Recognising this, at its foundation in 1948 the World Health Organisation proposed that health should be linked to “physical, mental, and social well-being, and not merely the absence of disease and infirmity”. The Faculty of Public Health of the UK’s Royal Colleges of Physicians defines three overlapping domains in which public health practice should operate, going beyond health services to include health improvement and health protection. Health improvement addresses inequalities, employment and housing, family and community, education, and lifestyle interventions. The aims of health protection include cleaner air, water, and food and prevention of war and social disorder. The “wellness wheel” (Figure 1) depicts some of the ways in which wellness depends on other areas of life.
Four years on from Van Noorden’s paper, a further statistical analysis in the same journal opened with a call to arms: “Addressing many of the world’s contemporary challenges requires a multifaceted and integrated approach, and interdisciplinary research has become increasingly central to both academic interest and government science policies.” The paper goes on to demonstrate evidence for a common-sense notion – that higher interdisciplinarity is associated with higher research impact. Academics working in health are not the only ones who know this.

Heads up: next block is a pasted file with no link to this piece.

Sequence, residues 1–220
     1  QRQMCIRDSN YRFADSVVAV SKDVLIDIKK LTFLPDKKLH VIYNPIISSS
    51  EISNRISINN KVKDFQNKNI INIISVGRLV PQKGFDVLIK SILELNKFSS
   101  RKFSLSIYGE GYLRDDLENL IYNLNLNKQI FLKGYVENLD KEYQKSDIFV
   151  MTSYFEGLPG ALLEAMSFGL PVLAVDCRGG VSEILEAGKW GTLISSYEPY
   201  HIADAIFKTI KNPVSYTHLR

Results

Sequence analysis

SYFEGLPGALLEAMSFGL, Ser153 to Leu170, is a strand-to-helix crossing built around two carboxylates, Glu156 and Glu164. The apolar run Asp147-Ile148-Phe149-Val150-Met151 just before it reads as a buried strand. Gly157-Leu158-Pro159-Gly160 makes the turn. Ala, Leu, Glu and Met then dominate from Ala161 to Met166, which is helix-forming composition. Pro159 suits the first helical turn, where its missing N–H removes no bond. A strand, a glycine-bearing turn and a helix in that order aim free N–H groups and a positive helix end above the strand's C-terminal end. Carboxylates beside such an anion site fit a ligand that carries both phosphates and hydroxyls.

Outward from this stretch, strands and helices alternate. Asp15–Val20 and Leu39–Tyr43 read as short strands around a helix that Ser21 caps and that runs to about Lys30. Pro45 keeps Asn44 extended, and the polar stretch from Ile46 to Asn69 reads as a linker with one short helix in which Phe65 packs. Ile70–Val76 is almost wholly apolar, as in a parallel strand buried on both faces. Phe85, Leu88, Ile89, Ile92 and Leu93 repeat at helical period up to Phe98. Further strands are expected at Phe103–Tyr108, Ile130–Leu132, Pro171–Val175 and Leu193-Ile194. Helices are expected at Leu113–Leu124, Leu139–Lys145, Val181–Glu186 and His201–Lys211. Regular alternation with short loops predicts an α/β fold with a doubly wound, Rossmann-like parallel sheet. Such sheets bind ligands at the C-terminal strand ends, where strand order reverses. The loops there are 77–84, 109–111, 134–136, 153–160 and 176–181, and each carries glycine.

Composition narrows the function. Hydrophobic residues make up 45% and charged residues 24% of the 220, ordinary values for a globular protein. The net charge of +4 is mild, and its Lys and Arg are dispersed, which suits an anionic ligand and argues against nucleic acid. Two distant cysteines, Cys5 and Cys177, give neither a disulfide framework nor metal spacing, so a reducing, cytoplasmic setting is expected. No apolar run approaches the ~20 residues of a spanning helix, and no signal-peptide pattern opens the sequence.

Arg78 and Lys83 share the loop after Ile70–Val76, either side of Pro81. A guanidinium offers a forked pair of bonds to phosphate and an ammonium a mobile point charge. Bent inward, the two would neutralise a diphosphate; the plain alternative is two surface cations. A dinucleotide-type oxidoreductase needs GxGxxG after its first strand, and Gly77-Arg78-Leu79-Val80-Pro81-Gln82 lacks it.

Computer Science departments from Finland to India have flown me out to give keynotes. Academics in information technology (IT) were always keen for new ideas, and didn’t mind how far out of their comfort zone this took them. Feedback on the lines of “We’re not ready for this yet,” was almost always followed by, “but we will be.”
IT is self-consciously about the future. Thought leaders in the subject are constantly looking for new opportunities to exploit with technology. The pace of change renders textbooks out of date almost by the time they are published. By contrast, many other disciplines focus on consolidating a corpus of knowledge. They teach a canon of standard reference works that changes only at a glacial pace – and despite the vast range of modern progressive thought, economics is a prime culprit (Figure 2).